Tag Archives: everton formation

Geopic of the week: Stromatolites


Pictured here are the fossil remains of the first living organisms known to ever flourish on earth: the stromatolites.  They were not giant, ugly mushrooms, as you might expect from this picture.  They were in fact, structures built by microbes, and made of sediment they trapped in their secretions.

Stromatolites are formed by colonies of marine bacteria or algae.  They build the stromatolites up into mounds, like the one above, by secreting a layer at a time.  The algae and bacteria are shallow water critters that absorb their energy from the sun and don’t require oxygen, thus they were able to thrive in the oxygen free atmosphere of early earth.  Though they lived more than 2.7 billion years ago, they still exist today, but they aren’t abundant anymore.

This stromatolite fossil was collected in northern Arkansas from the Ordovician Everton Formation, and is about 450 million years old.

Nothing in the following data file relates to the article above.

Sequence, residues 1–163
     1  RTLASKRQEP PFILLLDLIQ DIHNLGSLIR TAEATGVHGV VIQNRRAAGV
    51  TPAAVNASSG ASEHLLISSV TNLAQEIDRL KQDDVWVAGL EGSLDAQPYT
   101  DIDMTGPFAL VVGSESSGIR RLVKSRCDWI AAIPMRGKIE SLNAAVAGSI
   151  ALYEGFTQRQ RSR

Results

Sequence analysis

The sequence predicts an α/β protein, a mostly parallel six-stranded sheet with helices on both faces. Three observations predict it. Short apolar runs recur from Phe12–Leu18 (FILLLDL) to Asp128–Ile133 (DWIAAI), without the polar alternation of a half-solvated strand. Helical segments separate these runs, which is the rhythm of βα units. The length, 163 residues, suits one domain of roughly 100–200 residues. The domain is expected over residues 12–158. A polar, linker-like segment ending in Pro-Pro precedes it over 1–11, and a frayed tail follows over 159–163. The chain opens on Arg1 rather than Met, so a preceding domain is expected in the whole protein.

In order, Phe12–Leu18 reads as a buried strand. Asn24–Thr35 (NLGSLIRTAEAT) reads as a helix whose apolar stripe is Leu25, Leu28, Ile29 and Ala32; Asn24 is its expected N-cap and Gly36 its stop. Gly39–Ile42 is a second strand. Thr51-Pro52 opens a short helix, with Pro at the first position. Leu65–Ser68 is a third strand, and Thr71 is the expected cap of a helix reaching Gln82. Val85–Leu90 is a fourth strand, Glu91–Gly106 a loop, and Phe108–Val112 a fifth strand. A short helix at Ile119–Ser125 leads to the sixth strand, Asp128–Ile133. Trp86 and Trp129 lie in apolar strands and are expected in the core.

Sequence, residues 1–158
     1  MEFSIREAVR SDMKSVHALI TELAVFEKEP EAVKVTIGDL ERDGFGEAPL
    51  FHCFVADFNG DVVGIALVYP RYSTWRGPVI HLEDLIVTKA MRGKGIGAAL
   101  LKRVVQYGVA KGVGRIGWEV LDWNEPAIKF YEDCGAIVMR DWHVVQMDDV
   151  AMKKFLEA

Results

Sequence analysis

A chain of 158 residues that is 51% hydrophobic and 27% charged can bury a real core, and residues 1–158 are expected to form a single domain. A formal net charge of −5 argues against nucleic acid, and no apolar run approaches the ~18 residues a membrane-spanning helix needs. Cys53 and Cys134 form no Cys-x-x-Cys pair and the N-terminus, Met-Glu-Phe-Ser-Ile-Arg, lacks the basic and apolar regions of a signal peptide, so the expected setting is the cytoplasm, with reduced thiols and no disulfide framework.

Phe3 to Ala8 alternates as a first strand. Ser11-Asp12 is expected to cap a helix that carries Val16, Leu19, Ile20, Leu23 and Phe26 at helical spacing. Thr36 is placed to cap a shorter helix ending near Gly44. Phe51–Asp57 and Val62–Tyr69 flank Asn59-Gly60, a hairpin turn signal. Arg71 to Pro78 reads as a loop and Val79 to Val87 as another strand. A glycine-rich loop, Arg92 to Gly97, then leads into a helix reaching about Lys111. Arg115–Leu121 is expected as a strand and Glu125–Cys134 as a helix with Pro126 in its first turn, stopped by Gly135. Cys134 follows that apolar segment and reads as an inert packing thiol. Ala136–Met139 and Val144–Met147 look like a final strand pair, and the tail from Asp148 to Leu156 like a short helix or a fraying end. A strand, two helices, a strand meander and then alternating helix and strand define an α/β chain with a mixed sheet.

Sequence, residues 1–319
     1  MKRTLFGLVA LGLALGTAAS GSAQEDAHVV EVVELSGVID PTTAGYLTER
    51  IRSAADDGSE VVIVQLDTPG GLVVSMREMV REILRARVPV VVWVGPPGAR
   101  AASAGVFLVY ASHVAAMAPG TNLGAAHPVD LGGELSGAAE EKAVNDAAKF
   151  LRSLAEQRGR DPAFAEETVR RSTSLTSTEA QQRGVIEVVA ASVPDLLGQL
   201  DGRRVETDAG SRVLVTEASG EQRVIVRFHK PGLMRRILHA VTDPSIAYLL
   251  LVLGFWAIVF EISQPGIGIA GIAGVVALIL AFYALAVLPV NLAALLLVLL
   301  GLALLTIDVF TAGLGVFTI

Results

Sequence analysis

For more views of stromatolites, click here

Geopic of the week: Dye tracing


Dye tracing is a tool commonly used by geologists to monitor how water moves through the ground.  The above picture is from a study the Arkansas Geological Survey conducted for local residents  in Izard County, Arkansas.  Dye was added to water to track the path of farm runoff entering the groundwater through a sinkhole.

The test consists of pouring brightly colored, non-toxic dye into water before it enters the ground.  Charcoal packets, capable of detecting low concentrations of the dye, are placed in nearby springs and wells.  After some time has passed, the packets are analyzed to see where the water and dye travelled after soaking into the ground.

Because the earth is often their laboratory, geoscientists have to come up with creative approaches to studying inaccessible places.   Besides, there’s just something satisfying about dyeing large quantities of water bright colors.